What is Yoga Therapy?
‘The goals of yoga therapy include eliminating, reducing, or managing symptoms that cause suffering; improving function; helping to prevent the occurrence or recurrence of underlying causes of illness; and moving toward improved health and wellbeing.’ Source: Yoga Australia
Over the years, I have seen Yoga used to help many people with many issues. Yoga – and yoga therapy in particular – can be very effective in the relief of many general or mental health conditions. Yoga therapy uses the tools of Yoga to create a Yoga practice tailored to address specific issues. These include:
- Anxiety Depression
- Stress and burnout
- Autoimmune disease
- Injury recovery
- Surgery recovery
- Sleep issues
- Mobility restrictions.
What happens in a Yoga Therapy Session?
An initial Yoga Therapy session is a one-on-one meeting with a yoga therapist. Time is spent talking and understanding your needs and agreeing the goal of the practice. The Therapist looks at the whole person, looking at physical, emotional and mental states and assessing which are most relevant to the presenting situation.
You and your therapist will then collaborate to develop an initial practice. The practice is trialed, fine-tuned and written down for you to take home. This practice can be made up of Meditation, Breathing Exercises and/or Yoga postures.
At each consultation your therapist will gather your feedback and the practice will be tweaked
depending on what has worked best for you. These private sessions may continue or you may choose to move into small group classes.
What’s the difference between a Yoga Therapy (Group) Class and a standard Yoga Class?
Yoga Therapy classes are kept small – less than 10 people – and are usually tailored for a particular group (eg: back care, or stress relief).
Each participant has had one or more private sessions and understands their own practice. The class is designed around the people in the session and their requirements. Modifications are given throughout the class to keep each person safe.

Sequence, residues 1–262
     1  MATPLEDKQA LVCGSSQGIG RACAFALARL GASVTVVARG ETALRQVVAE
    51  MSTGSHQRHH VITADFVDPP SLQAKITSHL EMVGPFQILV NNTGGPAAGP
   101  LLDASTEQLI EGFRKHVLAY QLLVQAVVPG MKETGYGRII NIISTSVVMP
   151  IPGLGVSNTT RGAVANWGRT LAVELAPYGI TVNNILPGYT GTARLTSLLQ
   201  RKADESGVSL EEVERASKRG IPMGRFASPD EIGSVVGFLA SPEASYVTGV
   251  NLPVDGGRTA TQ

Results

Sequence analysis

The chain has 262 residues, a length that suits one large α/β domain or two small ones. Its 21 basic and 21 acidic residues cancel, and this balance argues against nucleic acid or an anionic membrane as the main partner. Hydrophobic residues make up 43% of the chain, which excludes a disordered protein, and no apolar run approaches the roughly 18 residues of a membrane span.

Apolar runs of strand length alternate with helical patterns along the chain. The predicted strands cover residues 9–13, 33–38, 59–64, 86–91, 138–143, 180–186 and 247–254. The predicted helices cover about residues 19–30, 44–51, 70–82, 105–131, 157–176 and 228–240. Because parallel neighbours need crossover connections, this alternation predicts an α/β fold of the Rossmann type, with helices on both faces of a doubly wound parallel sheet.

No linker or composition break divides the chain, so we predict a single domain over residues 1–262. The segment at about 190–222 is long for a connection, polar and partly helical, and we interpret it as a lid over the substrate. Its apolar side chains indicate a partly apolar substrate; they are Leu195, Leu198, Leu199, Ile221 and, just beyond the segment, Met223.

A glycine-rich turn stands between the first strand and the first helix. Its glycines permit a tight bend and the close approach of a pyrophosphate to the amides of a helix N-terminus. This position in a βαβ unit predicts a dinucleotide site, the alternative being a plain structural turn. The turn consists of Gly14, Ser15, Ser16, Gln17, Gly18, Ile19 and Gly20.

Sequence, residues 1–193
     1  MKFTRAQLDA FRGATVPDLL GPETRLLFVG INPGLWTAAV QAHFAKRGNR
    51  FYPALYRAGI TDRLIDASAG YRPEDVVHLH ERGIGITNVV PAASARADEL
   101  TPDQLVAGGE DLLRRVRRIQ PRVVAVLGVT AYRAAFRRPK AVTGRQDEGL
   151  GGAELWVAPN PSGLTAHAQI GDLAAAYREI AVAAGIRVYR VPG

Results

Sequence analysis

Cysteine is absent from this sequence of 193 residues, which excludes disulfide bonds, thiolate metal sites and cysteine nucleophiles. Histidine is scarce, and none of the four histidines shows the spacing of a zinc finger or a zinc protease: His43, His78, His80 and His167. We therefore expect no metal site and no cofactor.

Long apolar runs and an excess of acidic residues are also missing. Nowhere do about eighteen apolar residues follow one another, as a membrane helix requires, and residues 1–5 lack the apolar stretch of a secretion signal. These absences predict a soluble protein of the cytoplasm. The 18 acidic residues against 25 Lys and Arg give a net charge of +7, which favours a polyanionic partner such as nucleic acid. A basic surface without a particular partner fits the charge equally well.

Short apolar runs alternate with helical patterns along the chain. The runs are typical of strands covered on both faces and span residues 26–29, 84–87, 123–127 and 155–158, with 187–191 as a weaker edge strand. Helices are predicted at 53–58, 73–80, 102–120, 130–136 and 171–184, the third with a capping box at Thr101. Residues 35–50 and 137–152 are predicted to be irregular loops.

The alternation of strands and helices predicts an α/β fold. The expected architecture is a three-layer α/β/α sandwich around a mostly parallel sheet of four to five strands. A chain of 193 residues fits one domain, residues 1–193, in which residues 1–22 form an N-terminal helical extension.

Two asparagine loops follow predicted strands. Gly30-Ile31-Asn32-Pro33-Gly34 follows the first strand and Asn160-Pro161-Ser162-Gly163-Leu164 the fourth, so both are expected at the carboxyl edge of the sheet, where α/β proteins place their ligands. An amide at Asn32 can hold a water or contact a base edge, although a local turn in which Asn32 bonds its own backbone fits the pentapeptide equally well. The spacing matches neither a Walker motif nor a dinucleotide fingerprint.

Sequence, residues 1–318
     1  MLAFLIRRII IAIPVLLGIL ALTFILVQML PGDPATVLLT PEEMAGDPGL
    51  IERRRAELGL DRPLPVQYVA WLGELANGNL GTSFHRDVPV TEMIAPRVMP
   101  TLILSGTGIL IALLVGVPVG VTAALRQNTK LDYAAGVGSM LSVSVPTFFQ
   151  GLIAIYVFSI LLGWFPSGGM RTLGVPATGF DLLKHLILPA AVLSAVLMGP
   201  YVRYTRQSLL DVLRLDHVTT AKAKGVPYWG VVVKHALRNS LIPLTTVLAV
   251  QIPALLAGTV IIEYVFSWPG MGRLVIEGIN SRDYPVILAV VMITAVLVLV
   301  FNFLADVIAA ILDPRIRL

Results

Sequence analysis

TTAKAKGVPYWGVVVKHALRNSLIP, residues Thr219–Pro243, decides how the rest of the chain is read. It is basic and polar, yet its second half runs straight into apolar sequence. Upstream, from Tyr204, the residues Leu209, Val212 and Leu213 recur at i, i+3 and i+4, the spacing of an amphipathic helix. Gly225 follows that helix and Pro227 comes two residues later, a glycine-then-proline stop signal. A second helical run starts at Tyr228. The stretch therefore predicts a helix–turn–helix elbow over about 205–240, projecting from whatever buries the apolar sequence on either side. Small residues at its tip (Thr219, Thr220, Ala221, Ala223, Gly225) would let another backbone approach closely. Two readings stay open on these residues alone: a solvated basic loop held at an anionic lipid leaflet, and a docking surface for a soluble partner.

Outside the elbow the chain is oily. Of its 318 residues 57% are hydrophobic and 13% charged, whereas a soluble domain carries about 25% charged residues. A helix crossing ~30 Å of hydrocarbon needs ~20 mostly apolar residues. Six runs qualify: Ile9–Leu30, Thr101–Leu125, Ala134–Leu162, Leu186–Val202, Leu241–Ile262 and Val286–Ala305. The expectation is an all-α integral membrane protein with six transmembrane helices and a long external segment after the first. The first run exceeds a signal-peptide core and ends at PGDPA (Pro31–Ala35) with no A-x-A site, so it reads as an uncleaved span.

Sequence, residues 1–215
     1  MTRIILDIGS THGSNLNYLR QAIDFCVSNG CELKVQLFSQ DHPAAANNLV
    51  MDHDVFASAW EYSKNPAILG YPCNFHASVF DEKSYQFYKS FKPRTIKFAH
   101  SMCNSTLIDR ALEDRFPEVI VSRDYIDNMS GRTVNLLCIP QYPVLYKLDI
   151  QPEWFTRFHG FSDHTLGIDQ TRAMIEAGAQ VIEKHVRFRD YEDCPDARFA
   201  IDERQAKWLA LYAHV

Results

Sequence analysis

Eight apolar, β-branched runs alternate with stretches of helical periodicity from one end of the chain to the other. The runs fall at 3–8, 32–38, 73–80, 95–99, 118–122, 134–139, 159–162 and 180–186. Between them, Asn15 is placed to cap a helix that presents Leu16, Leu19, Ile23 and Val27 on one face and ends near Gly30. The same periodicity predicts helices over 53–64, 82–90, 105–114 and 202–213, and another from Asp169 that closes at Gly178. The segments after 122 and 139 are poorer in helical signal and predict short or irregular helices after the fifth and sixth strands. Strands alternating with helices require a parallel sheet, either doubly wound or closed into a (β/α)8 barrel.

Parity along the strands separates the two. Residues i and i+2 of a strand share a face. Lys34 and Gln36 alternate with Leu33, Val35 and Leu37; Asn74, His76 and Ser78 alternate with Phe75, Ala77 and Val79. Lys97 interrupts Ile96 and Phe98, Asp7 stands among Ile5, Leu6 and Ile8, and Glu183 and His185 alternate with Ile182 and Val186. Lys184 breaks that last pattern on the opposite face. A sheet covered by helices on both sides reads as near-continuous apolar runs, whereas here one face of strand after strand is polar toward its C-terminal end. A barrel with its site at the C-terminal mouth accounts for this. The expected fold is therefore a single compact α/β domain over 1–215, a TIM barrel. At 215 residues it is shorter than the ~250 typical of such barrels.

Therapeutic yoga usually has a strong focus on breath, with movement linked to the breath. This helps you become aware of your body and what’s happening within it. This awareness can then lead to better understanding of what your body needs.
Practicing this way also helps calm the nervous system. It helps mitigate the body’s flight and fight response and allows you to move into a state of rest and digest. Many diseases are worsened by stress. Helping to keep the mind and nervous system calm aids in feeling better no matter the circumstances.
How Does Yoga Relieve Anxiety and Depression?
Yoga helps by balancing the nervous system.
Our autonomic nervous system governs much of our physiology and is made up of:
- The Sympathetic nervous system (flight/fight/freeze).
- The Parasympathetic nervous system (rest, digest and regulation of the whole nervous system).
Anxiety and depression can severely impair both the sympathetic and parasympathetic nervous systems. Yoga can help rebalance them in several ways:
- We use breath to help regulate the systems in the body. Changing the flow of breath such as slowing the length of breath or using short retention of breath, when guided by a qualified yoga therapist, is a powerful tool which can significantly improve a person’s emotional state.
- Single focused meditation can, over time, change neural pathways in the brain and our over time, impacts our thought patterns and emotions. Self awareness and self reflection can further help us generate a positive perspective.
- We may use mantra and/or chanting. When you use your voice, you cannot think of anything else (try singing “Mary Had a Little Lamb” in your head and see how many thoughts you have while singing). By calming our mind in this way, we calm our emotions and body.
When these are done regularly, our patterns start to change. Rest and digest become the norm. The neural pathways of our brain start to change, new connections form and these reflect the new way of being.
The guidance of a yoga therapist in these ways can supplement other treatments and can help develop new patterns that can provide some relief to sufferers of anxiety or depression.
In recent Years quality research has been done in relation to the Health benefits of Yoga. The research ranges from working with cancer patients, in the area of mental health and a wide range of other conditions. Yoga Australia has compiled a list of some of the more recent studies here.
Liama Aesha – Inspire Yoga Dee Why
Liama is a fully qualified yoga therapist registered with Yoga Australia. Liama believes that yoga therapy can be of great assistance to patients as a complement under the care of appropriate mental health, general health or other specialist medical professionals.